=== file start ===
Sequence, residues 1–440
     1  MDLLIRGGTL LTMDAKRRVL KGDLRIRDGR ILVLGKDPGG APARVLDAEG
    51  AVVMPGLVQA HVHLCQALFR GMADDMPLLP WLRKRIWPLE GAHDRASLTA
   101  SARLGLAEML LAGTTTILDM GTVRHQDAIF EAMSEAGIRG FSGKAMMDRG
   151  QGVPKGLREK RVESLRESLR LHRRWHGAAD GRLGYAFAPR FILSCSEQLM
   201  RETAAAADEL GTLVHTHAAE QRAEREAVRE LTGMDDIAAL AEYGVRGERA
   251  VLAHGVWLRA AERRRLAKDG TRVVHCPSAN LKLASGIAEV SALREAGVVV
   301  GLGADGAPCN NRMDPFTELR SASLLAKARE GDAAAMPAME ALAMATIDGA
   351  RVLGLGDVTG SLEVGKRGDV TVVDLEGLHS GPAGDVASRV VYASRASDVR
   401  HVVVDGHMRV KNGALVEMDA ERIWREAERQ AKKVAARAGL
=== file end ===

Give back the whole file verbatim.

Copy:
Sequence, residues 1–440
     1  MDLLIRGGTL LTMDAKRRVL KGDLRIRDGR ILVLGKDPGG APARVLDAEG
    51  AVVMPGLVQA HVHLCQALFR GMADDMPLLP WLRKRIWPLE GAHDRASLTA
   101  SARLGLAEML LAGTTTILDM GTVRHQDAIF EAMSEAGIRG FSGKAMMDRG
   151  QGVPKGLREK RVESLRESLR LHRRWHGAAD GRLGYAFAPR FILSCSEQLM
   201  RETAAAADEL GTLVHTHAAE QRAEREAVRE LTGMDDIAAL AEYGVRGERA
   251  VLAHGVWLRA AERRRLAKDG TRVVHCPSAN LKLASGIAEV SALREAGVVV
   301  GLGADGAPCN NRMDPFTELR SASLLAKARE GDAAAMPAME ALAMATIDGA
   351  RVLGLGDVTG SLEVGKRGDV TVVDLEGLHS GPAGDVASRV VYASRASDVR
   401  HVVVDGHMRV KNGALVEMDA ERIWREAERQ AKKVAARAGL